UK: No More Beer On Premier League Shirts
This year, for the first time in Premier League history, there will be no sort sponsorships by alcohol companies.
When the Premier League started, in 1992-93, the biggest sectors for shirt sponsorship were consumer electronics, with six deals, and beer, with four. Alcohol sponsorship remained a steady presence through the 1990s before dwindling in the 2000s. Last season there was just one beer sponsor, Chang Beer on Everton’s shirts.
And a campaign attacked just that sponsorship, seeking to crowd fund enough money to ultimately replace the beer brand for a healthier, local alternative.
The campaign Big Alcohol Exposed ran the #OutbidChang initiative to raise awareness of the harm associated with alcohol sports sponsorship. Eventually the initiative did not succeed in raising the crowdfunding sum it aimed at, but the beer maker was replaced with a new sponsorship deal after all.
Good or bad news?
The second half of the Premier League era has been the story of gambling replacing alcohol as the sector that dominates team shirts.
For decades, alcohol was synonymous with Premier League football – a massive public health and social order problem. And even though shirt sponsorships have disappeared, beer partnerships are still part of the fabric of English football.
The brands are still all over football matches, broadcasts and teams.
The market reflects a changing dynamic among alcohol brands,” explained Tim Crow, CEO of leading sports marketing firm Synergy, “as beer brands have moved away from shirt sponsorship.”
The Independent reports that into that void, gambling firms have moved.
One harmful and addictive substance has been replaced by another harmful and addictive behavior. With global viewing figures higher than ever, a shirt sponsorship is a fairly cheap way to reach millions of people all over the world.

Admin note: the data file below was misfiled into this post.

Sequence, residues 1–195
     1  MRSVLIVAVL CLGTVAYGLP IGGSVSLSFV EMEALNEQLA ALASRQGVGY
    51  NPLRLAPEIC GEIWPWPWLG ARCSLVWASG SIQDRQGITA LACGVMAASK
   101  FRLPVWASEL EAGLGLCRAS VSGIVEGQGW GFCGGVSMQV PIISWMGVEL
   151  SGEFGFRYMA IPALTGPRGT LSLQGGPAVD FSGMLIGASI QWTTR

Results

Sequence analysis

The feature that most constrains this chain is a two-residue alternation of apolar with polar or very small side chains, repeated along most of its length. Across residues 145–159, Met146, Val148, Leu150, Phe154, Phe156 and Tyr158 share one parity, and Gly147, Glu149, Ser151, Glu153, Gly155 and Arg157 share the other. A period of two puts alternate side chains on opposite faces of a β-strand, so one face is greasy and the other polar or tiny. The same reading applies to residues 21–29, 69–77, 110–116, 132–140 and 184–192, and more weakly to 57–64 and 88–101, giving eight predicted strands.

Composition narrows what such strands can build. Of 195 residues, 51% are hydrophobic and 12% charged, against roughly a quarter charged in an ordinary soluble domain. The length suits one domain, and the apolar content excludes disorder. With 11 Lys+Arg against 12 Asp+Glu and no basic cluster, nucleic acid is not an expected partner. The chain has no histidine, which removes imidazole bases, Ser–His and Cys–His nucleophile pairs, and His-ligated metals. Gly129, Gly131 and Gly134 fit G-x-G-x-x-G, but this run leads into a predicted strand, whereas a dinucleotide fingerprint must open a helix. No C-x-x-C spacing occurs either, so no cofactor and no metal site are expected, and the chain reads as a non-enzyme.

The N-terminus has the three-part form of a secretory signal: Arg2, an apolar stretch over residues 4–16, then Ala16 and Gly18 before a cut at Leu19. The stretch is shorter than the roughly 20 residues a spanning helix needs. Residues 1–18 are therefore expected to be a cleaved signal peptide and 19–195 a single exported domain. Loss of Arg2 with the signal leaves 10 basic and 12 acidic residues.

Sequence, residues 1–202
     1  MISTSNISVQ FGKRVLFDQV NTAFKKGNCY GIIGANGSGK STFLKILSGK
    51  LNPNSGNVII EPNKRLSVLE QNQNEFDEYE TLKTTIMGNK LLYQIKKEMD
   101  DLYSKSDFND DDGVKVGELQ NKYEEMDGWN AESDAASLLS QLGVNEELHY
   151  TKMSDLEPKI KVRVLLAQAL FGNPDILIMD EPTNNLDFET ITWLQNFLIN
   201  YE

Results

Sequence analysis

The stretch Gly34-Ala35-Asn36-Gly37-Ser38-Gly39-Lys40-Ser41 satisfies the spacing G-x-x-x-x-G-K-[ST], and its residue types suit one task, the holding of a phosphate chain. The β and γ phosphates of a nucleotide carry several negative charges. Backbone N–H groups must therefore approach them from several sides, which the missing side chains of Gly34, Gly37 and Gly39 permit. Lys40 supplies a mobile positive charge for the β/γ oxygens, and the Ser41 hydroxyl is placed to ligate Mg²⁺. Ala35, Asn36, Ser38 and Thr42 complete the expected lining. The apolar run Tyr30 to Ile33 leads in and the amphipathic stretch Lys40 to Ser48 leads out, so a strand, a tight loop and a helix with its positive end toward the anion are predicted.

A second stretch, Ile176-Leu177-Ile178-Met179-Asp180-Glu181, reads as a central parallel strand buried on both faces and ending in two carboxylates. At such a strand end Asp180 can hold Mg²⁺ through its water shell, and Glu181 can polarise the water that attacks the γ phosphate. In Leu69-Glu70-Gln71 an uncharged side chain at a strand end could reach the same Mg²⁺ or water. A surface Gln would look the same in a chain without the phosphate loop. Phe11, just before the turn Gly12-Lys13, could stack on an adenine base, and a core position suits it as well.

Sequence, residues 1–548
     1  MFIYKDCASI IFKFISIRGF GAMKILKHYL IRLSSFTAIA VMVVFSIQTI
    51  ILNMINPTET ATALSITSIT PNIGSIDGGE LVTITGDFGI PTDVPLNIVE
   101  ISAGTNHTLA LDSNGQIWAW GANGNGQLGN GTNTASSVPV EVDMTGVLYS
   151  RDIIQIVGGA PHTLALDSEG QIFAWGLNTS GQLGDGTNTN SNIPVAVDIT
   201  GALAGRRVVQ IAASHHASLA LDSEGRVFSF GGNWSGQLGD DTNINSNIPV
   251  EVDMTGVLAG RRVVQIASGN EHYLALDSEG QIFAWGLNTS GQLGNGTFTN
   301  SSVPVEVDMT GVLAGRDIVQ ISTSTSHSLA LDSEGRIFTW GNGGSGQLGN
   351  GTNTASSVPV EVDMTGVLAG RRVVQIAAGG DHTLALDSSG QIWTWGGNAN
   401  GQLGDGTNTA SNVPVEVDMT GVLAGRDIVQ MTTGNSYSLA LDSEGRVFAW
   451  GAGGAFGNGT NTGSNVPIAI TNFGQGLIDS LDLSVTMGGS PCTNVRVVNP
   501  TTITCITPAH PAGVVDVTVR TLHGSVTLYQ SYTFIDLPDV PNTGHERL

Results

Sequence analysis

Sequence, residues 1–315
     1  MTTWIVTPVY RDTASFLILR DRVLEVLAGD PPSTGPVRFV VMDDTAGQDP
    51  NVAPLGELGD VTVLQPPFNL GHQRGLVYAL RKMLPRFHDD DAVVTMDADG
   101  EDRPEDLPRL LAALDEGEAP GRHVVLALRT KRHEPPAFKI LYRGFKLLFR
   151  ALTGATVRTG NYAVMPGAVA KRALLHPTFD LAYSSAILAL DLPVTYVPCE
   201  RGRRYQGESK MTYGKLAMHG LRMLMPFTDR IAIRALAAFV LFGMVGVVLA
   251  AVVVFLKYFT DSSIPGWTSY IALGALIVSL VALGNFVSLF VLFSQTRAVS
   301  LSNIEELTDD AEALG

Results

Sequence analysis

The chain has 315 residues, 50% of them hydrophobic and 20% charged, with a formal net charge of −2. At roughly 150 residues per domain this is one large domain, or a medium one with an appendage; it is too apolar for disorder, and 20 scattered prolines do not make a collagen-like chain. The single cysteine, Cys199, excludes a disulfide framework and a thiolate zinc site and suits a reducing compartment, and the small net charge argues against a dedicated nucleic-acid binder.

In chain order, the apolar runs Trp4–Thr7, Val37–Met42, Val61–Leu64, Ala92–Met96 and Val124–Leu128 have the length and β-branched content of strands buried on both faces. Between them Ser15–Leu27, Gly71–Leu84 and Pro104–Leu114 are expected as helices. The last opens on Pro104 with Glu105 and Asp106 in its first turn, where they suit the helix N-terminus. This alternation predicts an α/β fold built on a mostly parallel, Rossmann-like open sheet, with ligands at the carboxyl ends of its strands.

The Premier League is a global advertising platform because of its reach,” Crow explains.
As a global advertising campaign for a brand, shirt sponsorship can be a cost-effective media buy.”
The big six clubs are so famous now that their shirt sponsorship deals are appropriately expensive. Chevrolet pay an estimated £53million to sponsor Manchester United’s shirts, Yokohama Tyres pay £40m each year to Chelsea. But while the top clubs charge a premium, for the smaller 14 it is a buyers’ market. Their shirts will cost in the mid-single figures of millions for each year. Not a big price to pay to be seen all over the world.
A source close to one deal said that the sponsor found it to be “incredibly effective”, not just through the shirts on the players themselves, but the LED exposure around the pitch and even fans wearing the shirt all over the world – which brings back the conversation about removing alcohol sponsorship completely from football (and not just British).
There is increasing concern that, again, English football has sold out to the highest bidder. There are times when a Premier League match, whether live or on television, can look like an advertising channel for the addiction.